Helène Aylon’s Artist's Statement
…[I]n 1990, I covered every page from the Five Books of Moses with transparent parchment, and, with a pink marker, I highlighted over words of misogyny and vengeance, cruelty and militarism, words attributed to G-d, and I highlighted between words where a female presence is omitted. Whenever I read that ubiquitous phrase, “And the Lord said unto Moses,” I looked long and hard because should we not be absolutely certain there is no misquote when someone (even Moses himself) quotes G-d? I called this action, “The Liberation of G-d.” I spelled the word God with a G, a dash, and a D as I was taught in my religious upbringing, but the dash is now pink… And I asked: When will G-d be rescued from ungodly projections in order to be G-d?
You see, I have come to believe The Five Books of Moses are indeed the Five Books of Moses, not the Five Books of G-d.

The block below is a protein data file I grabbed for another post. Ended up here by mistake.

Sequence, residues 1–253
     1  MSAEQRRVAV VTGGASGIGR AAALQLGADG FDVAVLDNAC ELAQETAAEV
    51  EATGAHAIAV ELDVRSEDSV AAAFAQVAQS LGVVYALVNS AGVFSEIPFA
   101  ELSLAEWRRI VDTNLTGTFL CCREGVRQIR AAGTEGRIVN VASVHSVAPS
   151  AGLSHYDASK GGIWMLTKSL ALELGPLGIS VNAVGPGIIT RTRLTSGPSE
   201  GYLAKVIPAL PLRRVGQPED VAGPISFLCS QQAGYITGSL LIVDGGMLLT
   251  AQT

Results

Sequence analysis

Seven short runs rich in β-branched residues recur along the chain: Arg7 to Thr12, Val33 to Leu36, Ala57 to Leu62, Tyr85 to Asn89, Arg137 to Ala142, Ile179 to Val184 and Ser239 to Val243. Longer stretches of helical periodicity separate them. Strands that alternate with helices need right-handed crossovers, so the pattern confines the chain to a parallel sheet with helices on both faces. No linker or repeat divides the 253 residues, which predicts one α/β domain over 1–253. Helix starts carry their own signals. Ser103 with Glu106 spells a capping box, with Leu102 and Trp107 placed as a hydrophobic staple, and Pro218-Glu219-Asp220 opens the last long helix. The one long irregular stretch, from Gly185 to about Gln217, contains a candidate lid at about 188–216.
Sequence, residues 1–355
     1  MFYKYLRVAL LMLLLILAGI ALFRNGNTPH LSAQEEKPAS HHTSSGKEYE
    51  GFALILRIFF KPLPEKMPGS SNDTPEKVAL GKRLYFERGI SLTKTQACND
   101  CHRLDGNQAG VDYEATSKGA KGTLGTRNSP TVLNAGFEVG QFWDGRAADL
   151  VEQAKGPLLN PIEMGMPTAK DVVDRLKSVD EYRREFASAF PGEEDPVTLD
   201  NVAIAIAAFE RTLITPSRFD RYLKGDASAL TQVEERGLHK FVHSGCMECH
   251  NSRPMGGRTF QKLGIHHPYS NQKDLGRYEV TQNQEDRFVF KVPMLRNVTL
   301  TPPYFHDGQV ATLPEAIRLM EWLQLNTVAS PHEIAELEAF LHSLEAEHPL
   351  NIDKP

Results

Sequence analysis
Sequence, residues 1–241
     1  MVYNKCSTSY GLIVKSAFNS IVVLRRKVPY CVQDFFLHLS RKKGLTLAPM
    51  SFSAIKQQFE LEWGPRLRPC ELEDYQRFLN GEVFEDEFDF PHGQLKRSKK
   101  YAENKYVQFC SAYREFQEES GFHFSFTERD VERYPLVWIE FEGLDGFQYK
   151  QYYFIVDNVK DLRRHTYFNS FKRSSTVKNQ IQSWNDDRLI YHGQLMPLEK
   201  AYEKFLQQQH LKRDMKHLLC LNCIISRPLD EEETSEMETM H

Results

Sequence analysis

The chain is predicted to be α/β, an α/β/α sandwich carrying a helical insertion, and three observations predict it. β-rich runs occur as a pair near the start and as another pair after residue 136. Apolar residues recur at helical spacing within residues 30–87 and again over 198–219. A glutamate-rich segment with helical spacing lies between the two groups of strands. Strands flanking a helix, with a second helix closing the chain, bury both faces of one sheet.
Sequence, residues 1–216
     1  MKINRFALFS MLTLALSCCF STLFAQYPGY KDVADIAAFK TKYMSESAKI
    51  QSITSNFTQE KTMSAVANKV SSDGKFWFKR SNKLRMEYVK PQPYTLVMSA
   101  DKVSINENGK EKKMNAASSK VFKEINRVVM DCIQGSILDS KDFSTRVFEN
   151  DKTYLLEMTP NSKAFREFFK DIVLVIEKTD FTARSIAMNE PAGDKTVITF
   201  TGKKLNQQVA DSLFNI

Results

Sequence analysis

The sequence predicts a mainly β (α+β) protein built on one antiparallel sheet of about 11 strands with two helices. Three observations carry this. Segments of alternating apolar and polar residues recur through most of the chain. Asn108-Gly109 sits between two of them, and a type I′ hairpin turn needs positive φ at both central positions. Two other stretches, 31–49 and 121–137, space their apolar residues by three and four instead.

For this self-portrait, I stood in front of “The Digital Liberation of G-d,” a version of “The Liberation of G-d” using computer shading instead of a pink marker. I allowed the projected texts to cascade over my face – the same texts projected onto me in my Orthodox upbringing in Borough Park, in my schooling at the Shulamith School for Girls, in marriage to an Orthodox rabbi at age 18, in widowhood on my 30th birthday.
But the pull of nostalgia could not move my feminist stance.
How to cite this page
Jewish Women's Archive. "Helène Aylon’s Artist's Statement." (Viewed on October 28, 2016) <http://jwa.org/media/hel-ne-aylon-s-artists-statement>.